Pregnant employee? What laws apply

When an employee tells you she is pregnant, it is important for you to know what you must do, and what you must not do or say.

Following are highlights of the federal laws. Also be sure to check your state laws because some states mandate more generous considerations related to maternity laws in the workplace.You should be familiar with the federal Pregnancy Discrimination Act (PDA), applicable state maternity leave laws, the Family and Medical Leave Act (FMLA), and in some cases the Americans with Disabilities Act (ADA).

Pregnant emplayeeThe Pregnancy Discrimination Act amended Title VII of the Civil Rights Act of 1964 to say that discrimination on the basis of pregnancy, childbirth or related medical conditions constitutes unlawful sex discrimination.

Any employer with 15 or more employees must comply with this act. In addition to federal law, check state laws because some states have maternity laws that are stricter than federal laws.

The Pregnancy Discrimination Act includes prohibition of the following types of discrimination:

Hiring. An employer cannot refuse to hire a pregnant woman because of her pregnancy, because of a pregnancy-related condition, or because of the prejudices of co-workers, clients or customers. In fact, you cannot even ask during the hiring process whether an applicant is pregnant or intends to become pregnant. You can only ask whether the employee is able to perform the job requirements.

Pregnancy and maternity leave. You must treat pregnant employees the same as other employees in determining their ability to do their job. If an employee is temporarily unable to perform her job because of her pregnancy, the employer must treat her the same as any other temporarily disabled employee. Pregnant employees must be permitted to continue working as long as they are able to perform their jobs.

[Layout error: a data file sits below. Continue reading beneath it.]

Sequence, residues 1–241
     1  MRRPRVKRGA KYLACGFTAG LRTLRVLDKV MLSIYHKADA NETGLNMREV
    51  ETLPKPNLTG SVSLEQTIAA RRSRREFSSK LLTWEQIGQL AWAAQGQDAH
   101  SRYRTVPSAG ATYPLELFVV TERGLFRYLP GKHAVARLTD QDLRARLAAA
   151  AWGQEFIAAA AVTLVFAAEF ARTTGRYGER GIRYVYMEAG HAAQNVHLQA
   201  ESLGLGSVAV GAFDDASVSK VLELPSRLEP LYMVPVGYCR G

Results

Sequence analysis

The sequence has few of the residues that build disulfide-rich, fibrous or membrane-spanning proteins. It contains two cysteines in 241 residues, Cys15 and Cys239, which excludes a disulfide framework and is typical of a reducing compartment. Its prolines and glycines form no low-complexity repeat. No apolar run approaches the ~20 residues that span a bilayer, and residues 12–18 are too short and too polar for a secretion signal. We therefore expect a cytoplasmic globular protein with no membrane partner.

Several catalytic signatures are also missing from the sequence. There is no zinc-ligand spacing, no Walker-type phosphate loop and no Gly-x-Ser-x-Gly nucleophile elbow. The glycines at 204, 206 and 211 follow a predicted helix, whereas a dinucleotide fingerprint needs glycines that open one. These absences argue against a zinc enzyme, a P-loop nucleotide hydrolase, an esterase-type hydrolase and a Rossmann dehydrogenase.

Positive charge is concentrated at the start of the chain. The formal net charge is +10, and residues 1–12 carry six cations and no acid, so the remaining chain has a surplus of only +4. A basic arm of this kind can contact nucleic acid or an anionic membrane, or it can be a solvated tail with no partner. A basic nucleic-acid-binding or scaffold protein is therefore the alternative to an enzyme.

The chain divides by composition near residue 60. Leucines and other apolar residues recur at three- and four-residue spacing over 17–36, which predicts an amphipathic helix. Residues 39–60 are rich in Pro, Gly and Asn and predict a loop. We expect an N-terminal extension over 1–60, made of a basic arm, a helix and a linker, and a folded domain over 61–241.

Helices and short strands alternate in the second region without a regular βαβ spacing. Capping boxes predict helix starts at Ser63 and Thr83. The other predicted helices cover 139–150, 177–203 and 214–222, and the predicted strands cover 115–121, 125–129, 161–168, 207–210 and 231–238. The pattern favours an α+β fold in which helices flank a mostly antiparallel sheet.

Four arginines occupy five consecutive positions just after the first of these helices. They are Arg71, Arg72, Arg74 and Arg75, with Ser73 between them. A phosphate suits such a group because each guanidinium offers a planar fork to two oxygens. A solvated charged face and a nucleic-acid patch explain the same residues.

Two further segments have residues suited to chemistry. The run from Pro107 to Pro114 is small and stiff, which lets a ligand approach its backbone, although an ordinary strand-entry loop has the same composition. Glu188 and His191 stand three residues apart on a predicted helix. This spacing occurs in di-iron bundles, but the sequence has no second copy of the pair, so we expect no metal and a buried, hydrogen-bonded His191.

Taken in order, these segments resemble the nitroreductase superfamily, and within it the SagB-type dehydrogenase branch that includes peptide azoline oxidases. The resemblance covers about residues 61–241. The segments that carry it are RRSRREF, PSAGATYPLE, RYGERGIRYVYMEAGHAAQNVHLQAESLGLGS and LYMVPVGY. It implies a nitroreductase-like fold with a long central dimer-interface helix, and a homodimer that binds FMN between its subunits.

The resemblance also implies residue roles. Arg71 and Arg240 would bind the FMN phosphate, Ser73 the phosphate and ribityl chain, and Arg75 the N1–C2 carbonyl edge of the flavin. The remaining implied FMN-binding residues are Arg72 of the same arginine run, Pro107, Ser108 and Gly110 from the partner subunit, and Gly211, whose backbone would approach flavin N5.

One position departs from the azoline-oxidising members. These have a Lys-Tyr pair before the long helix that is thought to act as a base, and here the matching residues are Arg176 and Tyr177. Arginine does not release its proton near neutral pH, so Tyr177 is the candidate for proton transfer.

Health insurance. Any health insurance provided by an employer must cover expenses for pregnancy-related conditions the same as costs for other medical conditions.

Benefits. If an employer provides any benefits to workers on leave, the employer must provide the same benefits for those on leave for pregnancy-related conditions. Pregnancy-related benefits cannot be limited to married employees.

There is no federal law requiring employers to provide paid maternity leave. However, you must consider whether an employee is eligible for unpaid leave under the FMLA. FMLA leave may be used either for complications during pregnancy or for maternity leave after birth. If an employee meets eligibility requirements, you must provide up to 12 weeks of unpaid leave and continue her group healthcare benefits during that time.

A normal pregnancy is not considered a disability under the Americans with Disabilities Act. However, if a woman experiences pregnancy-related complications that substantially limit a major life activity, she may be considered disabled under the ADA and therefore be entitled to reasonable accommodations at work.

Finally, you must assure that harassment on the basis of pregnancy does not occur on the job. Pregnancy harassment is defined as any unwelcome conduct related to the pregnancy, whether verbal, physical or written. The harasser may be a supervisor, co-worker, customer or vendor. Your diligence in complying with these laws related to pregnancy and maternity will substantially reduce your company’s likelihood of landing in court over these issues.

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